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The Curious Case of Unspent Funds


8 March 2010

Every year the week before and after the budget, debates across all media channels and civil society tend to focus on “allocations” – how much money has been allocated for Sarva Shiksha Abhiyan? What is the jump in allocations for rural development? How much is health getting? But amidst the outcry on allocations, the most important question that seems to get lost is, how was last year’s money actually spent?

A week before the budget was announced, newspapers carried a startling finding by the Comptroller and Auditor General – that “Rs. 1 lakh crore budget funds go unspent every year”. But in the midst of the attention given to allocations, the story and along with it the attention towards unspent funds, somehow disappeared.

According to the CAG report, in 2007-08, under 97 grants of civil ministries, there was an unspent provision of Rs. 1,08,000 crore. The report was based on the findings by the Comptroller and Auditor General (CAG) based on the accounts of 2005-2007. The following table from the Times of India (TOI) summarizes some of the CAG findings. For those interested in going deeper into the report, click here

Unspent funds are indeed a curious thing and broadly there are a few things that continue to perplex me and may be some of the keys to this mystery.

First, The Flow of Funds:
In recent years, there has been a paradigm shift in the Union Government’s strategy for implementation of flagship programmes and other centrally sponsored schemes (CSS) for poverty alleviation, health care, education, employment, sanitation etc. Most of these schemes were initially implemented on a cost sharing basis with transfer of central share to state government. Now, the Union Government has started transferring their share directly to state/district level autonomous bodies, societies and ngos for implementation of CSS without devolving funds through the state government accounts.

As the CAG report states, “For the year 2007-08, Union Government made a provision for transfer of central plan assistance of Rs. 51259.85 crore (as per revised estimates) directly to these state/district level societies…. Expenditure in the accounts of these implementing agencies is kept outside Government accounts not readily ascertainable.” So basically, we have no real idea about the amount of actual expenditures being undertaken and even the expenditure reflected in the accounts is to that extent, overstated. How will we develop proper mechanisms to monitor these flows of funds? If “society” funds are outside the ambit of the government accounts – where is the transparency?

Second, Timings of disbursements:
Why is it that funds continue to be released in the last few quarters of the financial years? In education, 63% of SSA funds were spent in the second half of FY 2008-09. Even the CAG report noted delays in funds in FY 2007-08. The table below summarizes some of their findings:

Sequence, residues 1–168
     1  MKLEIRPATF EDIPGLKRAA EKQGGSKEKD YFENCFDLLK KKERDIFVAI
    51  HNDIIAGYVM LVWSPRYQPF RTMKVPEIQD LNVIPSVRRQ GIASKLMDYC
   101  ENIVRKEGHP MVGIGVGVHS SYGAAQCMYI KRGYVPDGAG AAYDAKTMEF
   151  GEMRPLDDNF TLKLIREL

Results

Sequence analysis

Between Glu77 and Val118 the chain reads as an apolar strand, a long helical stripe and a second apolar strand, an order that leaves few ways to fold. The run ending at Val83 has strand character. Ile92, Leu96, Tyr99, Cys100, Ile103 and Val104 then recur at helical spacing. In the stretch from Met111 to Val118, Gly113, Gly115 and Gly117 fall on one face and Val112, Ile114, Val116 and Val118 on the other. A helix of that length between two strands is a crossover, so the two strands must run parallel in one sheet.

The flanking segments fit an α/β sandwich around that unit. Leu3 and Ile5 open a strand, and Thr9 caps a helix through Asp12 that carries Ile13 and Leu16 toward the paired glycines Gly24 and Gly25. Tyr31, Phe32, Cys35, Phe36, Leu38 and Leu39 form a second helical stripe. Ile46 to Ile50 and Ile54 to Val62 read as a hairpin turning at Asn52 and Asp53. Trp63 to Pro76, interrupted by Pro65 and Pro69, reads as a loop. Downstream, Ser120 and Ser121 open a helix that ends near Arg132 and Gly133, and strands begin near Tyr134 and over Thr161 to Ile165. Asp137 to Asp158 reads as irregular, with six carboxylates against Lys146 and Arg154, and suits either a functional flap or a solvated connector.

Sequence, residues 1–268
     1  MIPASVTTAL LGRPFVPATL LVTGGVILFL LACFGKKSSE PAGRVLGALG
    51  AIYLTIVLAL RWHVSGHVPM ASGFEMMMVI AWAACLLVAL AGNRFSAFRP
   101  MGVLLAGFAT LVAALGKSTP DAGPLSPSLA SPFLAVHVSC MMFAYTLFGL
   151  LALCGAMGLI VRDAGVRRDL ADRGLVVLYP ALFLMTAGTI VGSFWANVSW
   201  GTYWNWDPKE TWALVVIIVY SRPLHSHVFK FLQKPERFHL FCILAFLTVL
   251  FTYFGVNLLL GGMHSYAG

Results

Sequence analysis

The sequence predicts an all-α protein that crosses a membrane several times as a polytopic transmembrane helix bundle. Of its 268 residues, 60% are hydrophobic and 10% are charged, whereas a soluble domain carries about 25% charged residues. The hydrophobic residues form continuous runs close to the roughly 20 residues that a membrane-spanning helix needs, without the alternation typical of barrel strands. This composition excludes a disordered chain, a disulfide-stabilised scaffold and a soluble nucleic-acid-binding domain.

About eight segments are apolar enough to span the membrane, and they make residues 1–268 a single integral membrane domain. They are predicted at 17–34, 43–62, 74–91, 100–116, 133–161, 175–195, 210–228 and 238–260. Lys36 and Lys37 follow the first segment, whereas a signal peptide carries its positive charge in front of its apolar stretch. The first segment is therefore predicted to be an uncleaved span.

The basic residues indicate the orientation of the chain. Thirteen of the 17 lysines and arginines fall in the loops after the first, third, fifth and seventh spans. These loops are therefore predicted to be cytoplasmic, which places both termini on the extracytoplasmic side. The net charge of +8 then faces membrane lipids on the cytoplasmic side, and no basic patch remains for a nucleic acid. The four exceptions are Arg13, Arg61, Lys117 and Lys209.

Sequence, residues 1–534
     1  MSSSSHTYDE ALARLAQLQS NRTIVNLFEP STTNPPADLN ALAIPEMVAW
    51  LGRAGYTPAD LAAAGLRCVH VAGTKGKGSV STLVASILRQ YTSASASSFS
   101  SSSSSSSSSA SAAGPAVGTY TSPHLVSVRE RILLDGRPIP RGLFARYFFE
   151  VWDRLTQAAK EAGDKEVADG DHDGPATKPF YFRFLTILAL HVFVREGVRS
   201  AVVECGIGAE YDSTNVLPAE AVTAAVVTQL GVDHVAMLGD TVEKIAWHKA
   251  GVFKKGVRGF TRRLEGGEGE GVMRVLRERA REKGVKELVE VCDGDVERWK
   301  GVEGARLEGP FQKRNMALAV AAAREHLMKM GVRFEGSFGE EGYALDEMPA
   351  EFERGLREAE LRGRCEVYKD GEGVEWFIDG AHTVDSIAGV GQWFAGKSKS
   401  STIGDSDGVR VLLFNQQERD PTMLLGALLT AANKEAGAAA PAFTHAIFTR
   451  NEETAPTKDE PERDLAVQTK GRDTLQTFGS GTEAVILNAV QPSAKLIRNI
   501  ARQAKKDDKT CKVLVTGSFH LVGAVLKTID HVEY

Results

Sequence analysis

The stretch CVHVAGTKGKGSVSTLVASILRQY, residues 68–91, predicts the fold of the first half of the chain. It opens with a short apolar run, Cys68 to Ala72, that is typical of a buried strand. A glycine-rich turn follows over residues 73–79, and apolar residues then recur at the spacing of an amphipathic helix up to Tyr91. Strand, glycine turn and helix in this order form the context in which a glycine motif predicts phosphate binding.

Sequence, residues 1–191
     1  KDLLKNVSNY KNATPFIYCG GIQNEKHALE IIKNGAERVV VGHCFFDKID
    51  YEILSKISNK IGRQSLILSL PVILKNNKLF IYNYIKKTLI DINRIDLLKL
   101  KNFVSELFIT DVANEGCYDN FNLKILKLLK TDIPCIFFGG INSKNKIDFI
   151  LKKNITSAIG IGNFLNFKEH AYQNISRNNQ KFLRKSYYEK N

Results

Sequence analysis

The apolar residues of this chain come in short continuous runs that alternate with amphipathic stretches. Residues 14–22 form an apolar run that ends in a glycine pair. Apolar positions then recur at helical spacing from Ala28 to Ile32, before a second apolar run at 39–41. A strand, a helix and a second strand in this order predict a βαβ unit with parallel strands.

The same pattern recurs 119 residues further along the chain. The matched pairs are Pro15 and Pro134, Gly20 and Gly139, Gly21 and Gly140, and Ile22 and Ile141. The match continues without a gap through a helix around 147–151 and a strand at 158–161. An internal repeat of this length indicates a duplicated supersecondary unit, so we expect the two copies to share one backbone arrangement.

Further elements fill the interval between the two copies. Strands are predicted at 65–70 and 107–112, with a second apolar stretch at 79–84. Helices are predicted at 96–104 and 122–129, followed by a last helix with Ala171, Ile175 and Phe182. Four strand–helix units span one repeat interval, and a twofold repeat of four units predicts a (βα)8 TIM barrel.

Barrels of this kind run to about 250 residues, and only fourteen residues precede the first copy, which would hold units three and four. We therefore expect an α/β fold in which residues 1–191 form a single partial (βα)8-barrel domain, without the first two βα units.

What is worse is that we don’t seem to have learnt from past mistakes. According to the TOI report, even the Union Government’s monthly accounts for the current year, reveal that some of the ministries’ expenditure till December 2009 was not more than 50% of the annual budget, though only 3 months remained for the end of the financial year. All this is despite the fact that on the Public Accounts Committee’s recommendations, the Ministry of Finance issued instructions to all Ministries/Departments to restrict their expenditure during the last quarter of the financial year to 33% of the budget amount.

Finally, Trends:
Why is it that some states spend more than others? For example in FY 2007-08, while Rajasthan and Chhattisgarh spent over 90% of the allocated funds for SSA, Madhya Pradesh and Bihar spent 57% and 42% respectively. Similarly in health, in FY 2008-09, Madhya Pradesh and Uttar Pradesh spent more than 90% in FY 2008-09, while Bihar spent 66% and Orissa spent 75% of total funds available.

And finally, is it easier to incur expenditure on some items more than others? or why do some expenditure items get spent more than others? Why do untied grants in National Rural Health Mission hardly get spent (Bihar spent 11% and Himachal Pradesh spent 37% of untied funds available). In education, why is it that items like infrastructure and teacher salaries get spent more than teacher trainings or innovation grants?

I don’t have the answers, but it’s time we at least start asking the questions!

Avani Kapur is Researcher and Coordinator, PAISA Project at Accountability Initiative

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